The Future of Downstream Processing - Pharmaceutical Technology

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PharmTech Europe

The Future of Downstream Processing
The author reviews the state of downstream processing and considers potential solutions, including the streamlining of full processes and borrowed technologies.


Pharmaceutical Technology
Volume 35, pp. s36-s41

Streamlining and redesigning existing manufacturing processes

Many processes for biopharmaceutical manufacturing were designed at a time where process efficiency was considered unimportant (3). More recently, manufacturers have sought to increase the efficiency of each unit operation, but they are only now starting to consider redesigning the entire process train to see whether cost savings can be made. The trend toward process streamlining owes a lot to FDA's quality-by-design (QbD) principles, which are derived from the design-of-experiments (DOE) concept. The design space of a manufacturing process is littered with efficiency peaks and troughs, but there is not always a simple path leading to the most efficient process. Therefore, process design incorporating efficiency and quality from first principles involves going back to the drawing board and evaluating the critical attributes that contribute to an efficient process.

Most companies are applying these principles and actively streamlining their processing strategies wherever possible. Antibodies take center stage because they represent more than half of all biopharmaceutical products in development, and their common properties make it possible for companies to share process efficiency data that are applicable across platforms (10, 11). It is for this reason that antibody manufacturing has benefitted from the development of so-called generic platform processes, which are broadly similar for all antibodies but can be tweaked to match the specific properties of individual products (12).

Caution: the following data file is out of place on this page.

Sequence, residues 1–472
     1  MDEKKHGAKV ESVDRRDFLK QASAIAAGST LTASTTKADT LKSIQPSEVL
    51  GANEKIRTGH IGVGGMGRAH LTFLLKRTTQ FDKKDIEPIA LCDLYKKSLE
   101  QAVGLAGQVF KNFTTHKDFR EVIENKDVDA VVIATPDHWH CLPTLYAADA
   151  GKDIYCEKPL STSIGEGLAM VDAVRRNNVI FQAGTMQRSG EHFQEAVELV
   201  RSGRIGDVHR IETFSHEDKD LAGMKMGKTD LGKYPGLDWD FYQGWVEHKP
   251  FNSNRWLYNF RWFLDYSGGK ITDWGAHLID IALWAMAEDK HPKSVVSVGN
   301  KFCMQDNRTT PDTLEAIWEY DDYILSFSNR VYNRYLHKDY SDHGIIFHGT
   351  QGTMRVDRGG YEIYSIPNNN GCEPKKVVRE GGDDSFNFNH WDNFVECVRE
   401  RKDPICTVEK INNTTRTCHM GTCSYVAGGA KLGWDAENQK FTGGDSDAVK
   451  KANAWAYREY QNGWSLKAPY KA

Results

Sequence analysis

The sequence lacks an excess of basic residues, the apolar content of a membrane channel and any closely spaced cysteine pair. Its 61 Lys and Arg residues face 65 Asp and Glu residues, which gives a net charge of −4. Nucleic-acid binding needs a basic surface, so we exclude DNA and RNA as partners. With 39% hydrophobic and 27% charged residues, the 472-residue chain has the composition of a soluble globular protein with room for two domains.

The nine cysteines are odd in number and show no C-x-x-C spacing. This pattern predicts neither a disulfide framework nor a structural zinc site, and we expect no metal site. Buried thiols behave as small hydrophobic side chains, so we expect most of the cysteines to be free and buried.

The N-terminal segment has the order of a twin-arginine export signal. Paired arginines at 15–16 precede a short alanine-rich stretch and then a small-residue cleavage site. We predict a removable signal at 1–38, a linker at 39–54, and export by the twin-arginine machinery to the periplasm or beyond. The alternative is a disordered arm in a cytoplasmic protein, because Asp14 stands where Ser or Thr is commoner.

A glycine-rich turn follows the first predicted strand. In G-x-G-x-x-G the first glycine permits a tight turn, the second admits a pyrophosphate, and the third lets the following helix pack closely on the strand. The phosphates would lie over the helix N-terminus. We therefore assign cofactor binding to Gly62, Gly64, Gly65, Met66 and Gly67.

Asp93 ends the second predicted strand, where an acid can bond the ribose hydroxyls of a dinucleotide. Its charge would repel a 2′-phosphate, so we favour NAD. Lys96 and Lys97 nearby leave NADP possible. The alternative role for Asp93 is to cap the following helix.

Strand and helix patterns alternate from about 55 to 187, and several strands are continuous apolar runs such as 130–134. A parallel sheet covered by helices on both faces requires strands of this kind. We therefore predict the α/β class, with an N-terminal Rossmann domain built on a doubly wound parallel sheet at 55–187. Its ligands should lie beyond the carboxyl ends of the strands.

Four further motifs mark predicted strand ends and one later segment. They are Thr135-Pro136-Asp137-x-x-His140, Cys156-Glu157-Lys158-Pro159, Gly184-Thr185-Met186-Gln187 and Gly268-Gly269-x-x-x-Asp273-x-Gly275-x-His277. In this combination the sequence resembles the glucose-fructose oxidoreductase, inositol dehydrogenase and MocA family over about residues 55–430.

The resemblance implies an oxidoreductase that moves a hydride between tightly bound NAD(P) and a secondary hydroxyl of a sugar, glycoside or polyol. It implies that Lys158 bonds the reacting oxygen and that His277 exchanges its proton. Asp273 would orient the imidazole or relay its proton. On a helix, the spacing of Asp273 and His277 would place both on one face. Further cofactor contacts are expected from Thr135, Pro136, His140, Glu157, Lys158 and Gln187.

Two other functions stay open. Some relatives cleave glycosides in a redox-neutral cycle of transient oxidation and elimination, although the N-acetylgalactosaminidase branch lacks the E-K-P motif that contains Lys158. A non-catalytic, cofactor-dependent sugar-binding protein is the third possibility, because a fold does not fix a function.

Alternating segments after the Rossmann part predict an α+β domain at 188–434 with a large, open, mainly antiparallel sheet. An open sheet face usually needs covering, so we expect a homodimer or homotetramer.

Antibody manufacturing provides an excellent example of the application of process redesign and streamlining principles to increase productivity, cut costs, and maintain product quality. Most manufacturers use three chromatography steps for antibody purification, starting with a very expensive Protein A capture step that is placed immediately after clarification, followed by anion exchange (AEX) chromatography in flow-through mode to extract negatively charged contaminants, such as host-cell protein (HCP), endotoxins, host DNA, and leached Protein A. Then, either cation exchange (CEX) chromatography or hydrophobic interaction chromatography (HIC) in retention mode is used to remove positively charged residual contaminants and product related impurities, such as aggregates and degradation products (13). Modern platform processes also serve as orthogonal strategies for virus removal.

Realizing that no further cost savings could be gained by scaling up the above process, Pfizer explored the design space around the standard process and found that certain modifications could reduce costs considerably without affecting the quality of the antibody (14). The company introduced two types of process modifications, one in which the order of the polishing steps was reversed and another in which different separation technologies were used to increase process capacity (i.e., using membrane absorbers for the flow-through chromatography step and replacing the depth filtration step with continuous centrifugation) (15). These changes increased the efficiency of purification to such an extent that, for some antibody products, the cation-exchange step became unnecessary reducing the process from three columns to two columns or even a single column. Not only did this save the direct costs of column resin and buffers, but also reduced the process time by >45% which doubled the productivity in terms of batch processing (14).


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